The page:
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Kuvasz

Life span: 10-12 Years

Height: 28 – 30 inches (male), 26 – 28 inches (female)

Weight: 100 – 100 lbs. (male), 80 – 90 lbs. (female)

With its origins in ancient Hungry, the Kuvasz is highly-valued as a livestock breed. It is known for being one of the largest working breeds, however, it is incredibly fast and able to react in an instant. The Kuvasz has a thick, white double coat that acts as a shield from the elements. When it comes to large dog breeds, there are few with the energy of the Kuvasz.

Not recommended to first time owners, this breed can be quite difficult to train. They are, however, loving with their family and protective of their territory. Usually, they are reserved with strangers, but they must be socialized from a young age.

Physical Characteristics

Their ears are small and flop down, their tail is medium length and usually remains down when resting. The eyes are brown with a black nose. Their double coat is made up of a dense undercoat and an overcoat that can be straight or wavy. Coat color is always white.

History

Despite it originating in Tibet, it was in Hungary where it developed into its current appearance. It travelled with Turkish refugees while they fled from the Mongols, which led them to taking refuge in Hungary in the year 1200. During the 15th century, they became highly popular thanks to King Matyas, who claimed to trust the dogs more than he trusted people. He often offered one of his dogs as a present to the people who pleased him. From 1458 to 1480, the duration of King Matyas’s reign, this breed was considered a royal breed, but once the king died it went back to being a flock guardian. Given that Hungarians tend to be nomads, the breed is said to contribute to many other breeds such as the Great Pyrenees, Maremma Sheepdog, Anatolian Sheepdog, etc. However, nearing the end of World War II, the breed was nearly extinct, but thanks to a few breeders, the breed was saved.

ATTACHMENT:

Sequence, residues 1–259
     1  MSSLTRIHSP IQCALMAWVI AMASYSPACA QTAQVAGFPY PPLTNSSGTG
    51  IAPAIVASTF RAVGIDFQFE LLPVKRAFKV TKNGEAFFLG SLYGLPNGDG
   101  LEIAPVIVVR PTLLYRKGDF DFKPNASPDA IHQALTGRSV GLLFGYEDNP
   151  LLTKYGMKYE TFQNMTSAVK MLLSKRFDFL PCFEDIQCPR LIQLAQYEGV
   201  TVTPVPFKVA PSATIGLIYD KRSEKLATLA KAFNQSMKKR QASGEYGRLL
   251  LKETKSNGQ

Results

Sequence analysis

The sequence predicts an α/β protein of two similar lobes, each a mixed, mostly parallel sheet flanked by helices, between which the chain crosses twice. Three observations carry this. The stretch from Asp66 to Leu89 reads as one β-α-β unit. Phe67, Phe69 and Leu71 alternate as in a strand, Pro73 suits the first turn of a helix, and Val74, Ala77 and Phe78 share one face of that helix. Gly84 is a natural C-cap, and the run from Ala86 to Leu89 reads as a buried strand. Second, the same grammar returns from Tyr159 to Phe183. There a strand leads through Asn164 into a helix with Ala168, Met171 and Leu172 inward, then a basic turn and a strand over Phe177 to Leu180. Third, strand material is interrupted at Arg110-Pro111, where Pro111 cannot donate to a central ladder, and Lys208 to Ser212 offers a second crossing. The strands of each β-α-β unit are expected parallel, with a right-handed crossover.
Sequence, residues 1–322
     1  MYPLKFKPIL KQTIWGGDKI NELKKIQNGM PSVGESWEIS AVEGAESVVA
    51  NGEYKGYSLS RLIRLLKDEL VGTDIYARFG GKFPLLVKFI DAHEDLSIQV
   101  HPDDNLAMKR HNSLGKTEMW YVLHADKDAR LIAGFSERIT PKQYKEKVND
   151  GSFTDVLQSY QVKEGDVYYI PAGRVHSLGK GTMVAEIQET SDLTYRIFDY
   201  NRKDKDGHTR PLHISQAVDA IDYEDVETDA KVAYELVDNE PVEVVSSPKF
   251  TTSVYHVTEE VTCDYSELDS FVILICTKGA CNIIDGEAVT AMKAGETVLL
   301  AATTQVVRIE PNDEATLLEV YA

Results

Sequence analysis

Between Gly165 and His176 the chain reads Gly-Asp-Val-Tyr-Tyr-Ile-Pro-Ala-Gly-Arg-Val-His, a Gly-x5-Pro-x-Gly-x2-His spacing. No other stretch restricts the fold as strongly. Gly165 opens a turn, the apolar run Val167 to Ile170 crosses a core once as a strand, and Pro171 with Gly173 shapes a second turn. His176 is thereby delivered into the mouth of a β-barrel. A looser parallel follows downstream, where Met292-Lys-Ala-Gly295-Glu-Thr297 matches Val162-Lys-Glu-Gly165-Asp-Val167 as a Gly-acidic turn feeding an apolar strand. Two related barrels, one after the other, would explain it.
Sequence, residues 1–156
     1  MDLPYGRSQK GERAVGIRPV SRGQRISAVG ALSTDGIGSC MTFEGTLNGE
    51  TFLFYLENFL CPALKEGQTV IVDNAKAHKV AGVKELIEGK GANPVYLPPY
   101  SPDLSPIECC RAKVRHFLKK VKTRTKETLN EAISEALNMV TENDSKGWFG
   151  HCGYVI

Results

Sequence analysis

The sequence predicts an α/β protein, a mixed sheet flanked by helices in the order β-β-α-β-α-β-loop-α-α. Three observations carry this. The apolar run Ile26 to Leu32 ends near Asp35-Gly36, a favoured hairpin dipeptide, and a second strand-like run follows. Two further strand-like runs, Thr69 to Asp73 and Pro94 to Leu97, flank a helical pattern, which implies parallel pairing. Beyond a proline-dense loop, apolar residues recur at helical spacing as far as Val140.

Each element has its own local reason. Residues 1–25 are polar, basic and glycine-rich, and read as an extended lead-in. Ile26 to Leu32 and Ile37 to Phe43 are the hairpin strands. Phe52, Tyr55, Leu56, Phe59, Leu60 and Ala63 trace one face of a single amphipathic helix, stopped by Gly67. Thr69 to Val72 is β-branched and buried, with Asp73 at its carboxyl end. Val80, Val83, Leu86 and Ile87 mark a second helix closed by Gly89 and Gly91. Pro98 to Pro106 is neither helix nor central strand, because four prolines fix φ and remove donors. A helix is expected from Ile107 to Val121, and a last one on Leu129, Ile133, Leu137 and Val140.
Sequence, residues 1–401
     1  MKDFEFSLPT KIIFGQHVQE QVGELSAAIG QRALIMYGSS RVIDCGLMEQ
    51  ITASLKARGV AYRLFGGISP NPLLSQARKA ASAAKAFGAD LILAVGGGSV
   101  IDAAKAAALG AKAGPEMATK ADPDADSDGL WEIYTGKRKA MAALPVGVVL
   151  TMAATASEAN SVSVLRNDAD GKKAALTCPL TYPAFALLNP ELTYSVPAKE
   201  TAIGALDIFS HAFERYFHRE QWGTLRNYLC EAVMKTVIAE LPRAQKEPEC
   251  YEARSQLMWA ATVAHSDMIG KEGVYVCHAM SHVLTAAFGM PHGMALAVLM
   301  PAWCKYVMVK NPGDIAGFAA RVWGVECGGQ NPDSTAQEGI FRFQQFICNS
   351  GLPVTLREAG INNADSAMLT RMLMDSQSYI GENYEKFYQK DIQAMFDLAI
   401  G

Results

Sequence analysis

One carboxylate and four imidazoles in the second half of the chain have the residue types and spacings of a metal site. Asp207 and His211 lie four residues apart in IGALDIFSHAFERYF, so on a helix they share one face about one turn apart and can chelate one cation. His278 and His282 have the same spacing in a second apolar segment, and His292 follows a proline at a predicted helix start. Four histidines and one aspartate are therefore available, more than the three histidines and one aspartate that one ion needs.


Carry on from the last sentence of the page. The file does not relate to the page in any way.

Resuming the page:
Personality

This breed is loving with its family but wary of strangers. They were created to be able to solve problems by themselves, and can therefore be independent, which can be difficult while training. This also causes them to be extremely protective of their territory. The owner must be firm yet kind at all times when giving instructions or orders to the dog. They must be socialized early in life and introduced to various people.

Health

This is a generally healthy breed, however, they may suffer from:

  • Hip dysplasia, a hereditary disease in which there is an abnormal formation in the hip socket, that may eventually cause painful arthritis. It may also be affected by the environment they reside in.
  • Gastric dilatation-volvulus, or bloat, is a mortal disease in which large chested dogs are affected by eating quickly, drinking lots of water and exercising after. This causes the stomach to inflate with gas and twist, making the dog unable to get rid of the excess air through vomiting, which impedes the normal blood flow to the heart. Its blood pressure then goes down and the dog goes into shock. Without proper, and immediate, medical attention, this could be fatal. Its symptoms may include: retching without vomiting, bloated abdomen, excessive salivation, restlessness, depression, rapid heart rate, weakness, etc.
  • Osteochondritis Dissecans, in which the cartilage does not grow properly in the joints, causing pain and stiffness. It is usually seen on the elbows and shoulders.
  • Von Willebrand’s Disease, which is a blood disease that affects the clotting process, its symptoms can be nosebleeds, prolonged bleeding from surgery, occasional blood in stools, etc.

Care

This breed is easy to groom, needing only occasional bathing and weekly brushing. Their nails should be trimmed regularly, as well as their teeth brushed, and ears checked for any dirt to prevent infections. They are not extremely energetic, but they do need daily exercise. A short walk and a fenced area where they can run freely should suffice. Training might be difficult given that they take time to mature and can be very stubborn. However, with patience and positive reinforcement it can be achieved. Early socialization and puppy training are a must for this breed.

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